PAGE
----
What does an eye doctor do during an exam?
How does the eye work?
Your eye works like a camera. The white part on the outside of the eyeball is called the sclera. In its center is the cornea, the transparent part of the eye that covers the iris, or colored part of the eye. The iris operates like a camera shutter by controlling the amount of light that enters the eye.
Located behind the iris is the eye lens. It is suspended by fibers that tighten or loosen to focus the light rays from objects outside the eye onto the retina, located at the back of the eye.
The vitreous chamber, made up of clear, gelatinous fluid, is the space between the lens and the retina. The retina is like film in a camera. Within its layers are the cells that perceive light and color. The images received by the retina are conveyed to the brain by the optic nerve, allowing us to see objects.
What is the difference between an ophthalmologist and an optometrist? What is an optician?
An ophthalmologist is a medically and surgically trained physician (MD) who specializes in comprehensive eye care. Ophthalmologists can examine, diagnose and treat eye disorders. They are skilled in all facets of eye care, from prescribing eye glasses to performing intricate eye surgery. Ophthalmologists receive four years of medical school after college, a year’s internship, and a three-year training residency. Most ophthalmologists have had additional training in a subspecialty.
Optometrists have a doctor of optometry degree (OD). They’re skilled professionals with a four year post graduate degree who also examine, diagnose and prescribe treatment for common eye disorders or refer to the appropriate specialist. They also prescribe eyeglasses, contacts and other optical wear, such as low-vision devices. For further information see www.aoa.org.
Opticians have received additional training following college. They are trained or licensed to fill eyewear prescriptions and help fit patients into glasses and contacts.
How often should I have an eye exam?
Schedule regular eye exams with an ophthalmologist or optometrist because many eye disorders exhibit no warning symptoms, but are treatable when discovered in the early stages. Here is a general guide:
Before 20 years of age—at age 4-7 and as recommended by your pediatrician or eye doctor
Ages 20-39—every two to three years
Ages 40-64—every two years or as recommended by your eye doctor.
65 or older—every one to two years or as recommended by your eye doctor.
African Americans and Native Americans are at a greater risk for developing glaucoma.
Diabetic patients—Have your eyes examined every year to prevent vision loss from diabetes-related eye disorders.
Will poor lighting hurt my eyes?
No. Poor lighting won’t hurt your eyes when you read or watch television. However, a good source of light will lessen the strain on your eyes.
Will carrots help me maintain good vision?
Carrots and broccoli, dark-green leafy vegetables, and sweet potatoes are good sources of vitamin A. Research conducted at the Emory Eye Center has shown that IRBP, a protein that transports vitamin A within the retina, is essential for vision. IRBP may be responsible for genetic retinal diseases and for a serious disorder in which the body’s own immune system attacks the eye.
Will my computer harm my eyes?
There is no scientific evidence that computer screens emit hazardous radiation. But you can suffer eye strain or fatigue from extended computer use, poor lighting or a variety of other related factors.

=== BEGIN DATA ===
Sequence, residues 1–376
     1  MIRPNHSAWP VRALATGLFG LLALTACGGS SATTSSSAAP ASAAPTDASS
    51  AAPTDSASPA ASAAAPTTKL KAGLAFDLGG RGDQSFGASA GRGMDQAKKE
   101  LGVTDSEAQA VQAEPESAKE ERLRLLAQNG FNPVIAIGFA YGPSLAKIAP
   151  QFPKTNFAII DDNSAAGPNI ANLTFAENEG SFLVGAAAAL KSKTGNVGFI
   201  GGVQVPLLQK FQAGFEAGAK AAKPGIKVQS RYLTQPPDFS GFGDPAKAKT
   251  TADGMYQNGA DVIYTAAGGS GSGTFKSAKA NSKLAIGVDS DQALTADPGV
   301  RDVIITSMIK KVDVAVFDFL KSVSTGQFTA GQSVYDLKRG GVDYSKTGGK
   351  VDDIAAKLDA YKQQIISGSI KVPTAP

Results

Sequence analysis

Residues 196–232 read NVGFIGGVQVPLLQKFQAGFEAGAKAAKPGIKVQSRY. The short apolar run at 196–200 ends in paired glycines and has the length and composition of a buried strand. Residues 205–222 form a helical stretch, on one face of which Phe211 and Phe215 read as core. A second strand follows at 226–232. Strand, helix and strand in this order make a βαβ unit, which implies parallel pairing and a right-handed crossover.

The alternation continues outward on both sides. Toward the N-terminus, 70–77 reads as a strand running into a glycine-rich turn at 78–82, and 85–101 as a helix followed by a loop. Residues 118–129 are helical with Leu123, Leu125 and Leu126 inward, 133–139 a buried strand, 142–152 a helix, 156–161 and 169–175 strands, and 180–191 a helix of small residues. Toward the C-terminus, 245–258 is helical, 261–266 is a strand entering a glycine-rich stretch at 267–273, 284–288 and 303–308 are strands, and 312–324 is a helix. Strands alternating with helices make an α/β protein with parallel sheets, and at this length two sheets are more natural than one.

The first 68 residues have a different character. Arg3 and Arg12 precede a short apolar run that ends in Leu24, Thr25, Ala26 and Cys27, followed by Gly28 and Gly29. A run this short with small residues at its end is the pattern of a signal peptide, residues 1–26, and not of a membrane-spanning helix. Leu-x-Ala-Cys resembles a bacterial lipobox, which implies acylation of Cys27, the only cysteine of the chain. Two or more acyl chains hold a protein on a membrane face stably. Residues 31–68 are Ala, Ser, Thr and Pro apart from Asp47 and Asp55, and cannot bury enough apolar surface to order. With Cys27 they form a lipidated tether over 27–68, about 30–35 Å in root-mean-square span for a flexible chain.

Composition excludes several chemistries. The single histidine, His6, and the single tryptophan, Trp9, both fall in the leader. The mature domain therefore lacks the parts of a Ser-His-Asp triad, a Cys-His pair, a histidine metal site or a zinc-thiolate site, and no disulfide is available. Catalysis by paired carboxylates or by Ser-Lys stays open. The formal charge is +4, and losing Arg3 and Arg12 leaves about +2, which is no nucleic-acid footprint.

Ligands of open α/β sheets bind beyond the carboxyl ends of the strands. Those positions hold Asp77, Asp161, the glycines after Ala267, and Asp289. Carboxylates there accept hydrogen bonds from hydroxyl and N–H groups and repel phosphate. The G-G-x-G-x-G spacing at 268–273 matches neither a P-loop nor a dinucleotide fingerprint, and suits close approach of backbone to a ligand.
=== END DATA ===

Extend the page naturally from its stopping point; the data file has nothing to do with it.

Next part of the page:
What do I do if I injure my eye?
The following are some general guidelines for treating eye injuries properly; however; ff you receive an eye injury, seek immediate medical attention from an ophthalmologist or primary care physician to reduce the risk of permanent damage.
- Bandage the eye gently.
- Be careful not to rub or apply too much pressure on the eye.
- Don’t wash out the eye or remove particles in the eye.
- Seek medical attention immediately if the cut shows signs of infection.
For foreign particles:
- Pull upper lid down onto lower lid and let lower lashes sweep the particle away.
- Blink repeatedly until the particle goes away; try not to rub.
- Seek medical attention if the above steps don’t work or if the material scratches your cornea.
For chemical splashes:
- Use your fingers to separate lids. Then wash the eye with water from a faucet or clean container.
- Continue washing for several minutes while rolling your eyeball.
- Don’t cover your eye with a bandage.
- Seek immediate medical attention.
Blows to the eye:
- Gently apply an ice compress to reduce swelling and ease the pain.
- Seek immediate medical attention.
Are there any specific foods or vitamins that prevent loss of eyesight?
Previous studies have shown that diets rich in green, leafy vegetables lower the risk of developing age-related macular degeneration (AMD), but the levels one might get in foods are low compared to a supplement given to patients in a recent study (Age Related Eye Disease Study—AREDS) nationwide.
The study showed that the supplements, which consisted of several antioxidant vitamins and zinc, significantly reduced the risk of advanced AMD and its associated vision loss in patients at high risk of developing advanced stages of AMD. The high doses of the study supplement, now available over the counter, are not right for everyone. The supplements are only appropriate for those with intermediate or advanced AMD (wet type).
Is macular degeneration a genetic disease?
The risk factors for developing macular degeneration are the following, in order of significance: Age, Smoking, & Heredity.